8. Hryblkone

    Hryblkone New Member

    Joined:
    Apr 9, 2005
    Messages:
    167
    Likes Received:
    2
    Thank you for all your posts. They are much appreciated. I really wish there was more honesty as well. Rarely do I ever find positions where I feel like I'm doing something worthwhile. I certainly don't have the tolerance for retail anymore and I really want to find relevant work. What was scary was the man who interviewed me confided that he would have to lay-off 26 people from his department in the coming 2 months. Why he told me this I do not know. I admit I'm coming back into the workforce after recovering from a toxic position where I was treated like shit by my supervisors and employees only to later be fired for taking my lunch break when I was suppose to. The end result landed me on public assistance while I waited to get my unemployment benefits restored. Unable to pay rent, I lost my apartment and wound up being depressed for over 9 months. On the other hand it did give me some time to explore my opportunities as an actor. A year ago I wouldn't have even dreamt of working in productions alongside such talented and notable people. It was a year I allowed myself to follow my passion. Now I'm looking to bring in some serious paper to assist the household while taking additional courses. As an actor I can deal with insincerity in the entertainment biz but when it comes to a real job where I can make some good money consistantly and build my porfolio while improving business I just don't like to be jerked around. Maybe I should just stick to acting and go back to working as an escort at the risk of losing my bf? It may be risky but it will feed the two of us and I wouldn't feel like a burden to him anymore.
     
  9. b.c.

    Gold Member

    Joined:
    Nov 7, 2005
    Messages:
    9,302
    Albums:
    1
    Likes Received:
    1,685
    Gender:
    Male
    Location:
    at home
    Hope you don't take this the wrong way or think I'm making fun of your situation, but the question I'd be inclined to ask you (based on the info above) is did you disqualify yourself?

    First of all, I noted that you have concerns about honesty and integrity. That's wonderful. Unfortunately it has little place in seeking a job. I'm not necessarily telling you to lie about your job history. I'm saying there are things that need not be told (to a prospective employer) and ways to put a positive spin on what you do say.

    For example, hopefully you didn't tell the interviewer you were fired for going to lunch when you were supposed to. If you must admit to being fired pretend you understand why ("I was in a growing period, I understand the job was not just right for me and I've learned from those errors.") Generally, never talk down a previous job or former employee, even if you hated their guts. It'll only reflect badly on you.

    Secondly, NEVER tell a prospective employer you're looking for something to pay the bills while you work on another career. They ALL want to hear you intend to devote your entire heart and soul to their job even if you intend on doing nothing of the kind.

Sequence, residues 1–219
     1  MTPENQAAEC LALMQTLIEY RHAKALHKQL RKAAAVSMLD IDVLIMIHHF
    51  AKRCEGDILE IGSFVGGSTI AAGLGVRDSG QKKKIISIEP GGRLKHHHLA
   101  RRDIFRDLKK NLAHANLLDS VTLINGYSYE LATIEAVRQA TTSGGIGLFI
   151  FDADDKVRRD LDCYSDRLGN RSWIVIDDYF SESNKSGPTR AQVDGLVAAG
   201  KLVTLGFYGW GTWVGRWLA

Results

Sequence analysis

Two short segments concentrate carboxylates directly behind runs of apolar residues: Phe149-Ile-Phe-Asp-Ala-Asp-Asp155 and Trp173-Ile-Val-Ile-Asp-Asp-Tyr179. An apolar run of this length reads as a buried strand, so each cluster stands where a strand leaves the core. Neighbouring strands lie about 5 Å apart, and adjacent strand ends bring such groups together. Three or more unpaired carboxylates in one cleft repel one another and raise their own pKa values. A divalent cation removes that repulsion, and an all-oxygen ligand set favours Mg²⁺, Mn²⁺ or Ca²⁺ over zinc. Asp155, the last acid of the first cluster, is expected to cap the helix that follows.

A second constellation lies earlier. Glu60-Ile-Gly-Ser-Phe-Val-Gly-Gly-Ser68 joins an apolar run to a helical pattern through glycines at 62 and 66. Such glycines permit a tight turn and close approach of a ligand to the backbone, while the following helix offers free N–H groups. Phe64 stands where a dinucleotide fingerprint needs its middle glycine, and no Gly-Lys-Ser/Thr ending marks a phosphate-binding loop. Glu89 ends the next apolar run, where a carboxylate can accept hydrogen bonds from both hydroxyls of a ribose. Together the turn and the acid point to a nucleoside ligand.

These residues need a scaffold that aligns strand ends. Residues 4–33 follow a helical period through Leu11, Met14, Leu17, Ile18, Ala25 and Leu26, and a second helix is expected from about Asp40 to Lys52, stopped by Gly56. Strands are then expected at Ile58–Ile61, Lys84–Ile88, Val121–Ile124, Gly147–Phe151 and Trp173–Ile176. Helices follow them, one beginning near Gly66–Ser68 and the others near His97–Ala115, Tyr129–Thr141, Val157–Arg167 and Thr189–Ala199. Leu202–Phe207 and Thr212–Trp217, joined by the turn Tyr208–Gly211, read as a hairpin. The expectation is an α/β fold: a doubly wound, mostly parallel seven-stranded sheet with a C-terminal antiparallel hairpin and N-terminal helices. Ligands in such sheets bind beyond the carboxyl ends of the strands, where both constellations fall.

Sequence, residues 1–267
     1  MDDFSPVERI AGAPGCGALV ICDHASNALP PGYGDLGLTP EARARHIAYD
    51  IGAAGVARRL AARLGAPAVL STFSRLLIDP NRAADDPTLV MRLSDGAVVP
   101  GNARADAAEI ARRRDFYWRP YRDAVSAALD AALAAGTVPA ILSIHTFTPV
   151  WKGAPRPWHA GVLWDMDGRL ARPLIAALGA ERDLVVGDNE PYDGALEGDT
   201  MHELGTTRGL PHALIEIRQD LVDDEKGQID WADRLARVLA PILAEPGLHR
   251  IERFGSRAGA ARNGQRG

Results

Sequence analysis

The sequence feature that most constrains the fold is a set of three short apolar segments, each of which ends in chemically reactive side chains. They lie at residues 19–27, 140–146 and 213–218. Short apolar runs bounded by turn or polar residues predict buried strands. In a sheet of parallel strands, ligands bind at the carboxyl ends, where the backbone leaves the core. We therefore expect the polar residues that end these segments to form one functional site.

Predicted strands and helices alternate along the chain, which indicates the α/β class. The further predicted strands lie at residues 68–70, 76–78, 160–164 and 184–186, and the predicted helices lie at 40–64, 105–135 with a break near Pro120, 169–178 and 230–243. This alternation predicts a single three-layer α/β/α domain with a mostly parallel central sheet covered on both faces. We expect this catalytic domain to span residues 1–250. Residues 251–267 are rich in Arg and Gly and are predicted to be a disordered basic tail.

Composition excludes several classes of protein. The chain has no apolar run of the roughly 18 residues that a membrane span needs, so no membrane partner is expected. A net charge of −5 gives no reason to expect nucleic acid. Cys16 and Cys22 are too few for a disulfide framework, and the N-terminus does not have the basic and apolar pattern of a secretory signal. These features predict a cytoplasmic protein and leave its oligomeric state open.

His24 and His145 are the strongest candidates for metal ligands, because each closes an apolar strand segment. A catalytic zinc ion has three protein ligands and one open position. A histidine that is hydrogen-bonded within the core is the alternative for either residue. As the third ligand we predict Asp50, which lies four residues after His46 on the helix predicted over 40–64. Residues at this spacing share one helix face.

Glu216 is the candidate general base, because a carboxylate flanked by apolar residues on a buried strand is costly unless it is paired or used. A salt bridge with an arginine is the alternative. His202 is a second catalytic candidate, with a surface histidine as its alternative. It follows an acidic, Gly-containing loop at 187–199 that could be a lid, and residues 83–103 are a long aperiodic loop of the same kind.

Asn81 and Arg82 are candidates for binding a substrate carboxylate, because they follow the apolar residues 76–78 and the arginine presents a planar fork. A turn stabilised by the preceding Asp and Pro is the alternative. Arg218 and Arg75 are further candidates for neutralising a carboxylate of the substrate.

Those periods when you were on unemployment and assistance... don't mention any of that. If asked, explain that time as a period when you were actively involved in ("something") even if it was giving care to or providing assistance for someone else.

    After the interview is done, ask for the job right then and there. ("Well how soon can I start?" "Shall I report tomorrow?") If the answer is yes, you're in. If they say they need to interview more candidates, forget it.

    Good luck.
     
  10. SomeGuyOverThere

    Gold Member

    Joined:
    Dec 2, 2004
    Messages:
    1,496
    Likes Received:
    5
    Gender:
    Male
    I dunno, there are different types of employers and people who interview you. Personally I go down the "brutally and utterly honest" approach because if this person is going to be my boss, I have to know that they're somebody I won't mind taking orders from. If they've got their head up their arse and are only looking for people who'd sell their soul to work there, then they're the type of person I'd hate working in the type of company I can't stand.

    When I go into the interview I am allways honest to the person, I'm above board and tell them what I'm thinking and why I'm applying for that job with brutal honesty, because in my mind, if I have to lie my ass off to get the job, it's probably something I wouldn't be very good at and/or wouldnt enjoy.

    My sheer honesty meant I actually turned down a job a couple of weeks ago, but I did it in such an honest and charming way that the interviewer tried to get a place for me doing something I'd be better at, and promised me (verbally and in writing) I'll be top of the list next year if I apply again.

    You are right with certain things though, like you said, you have to put a positive spin on being fired, and don't badmouth places you've worked, and you do have to talk up why you're gonig for the job and the positive aspects of your application, but don't over do it, be honest and don't make stuff up.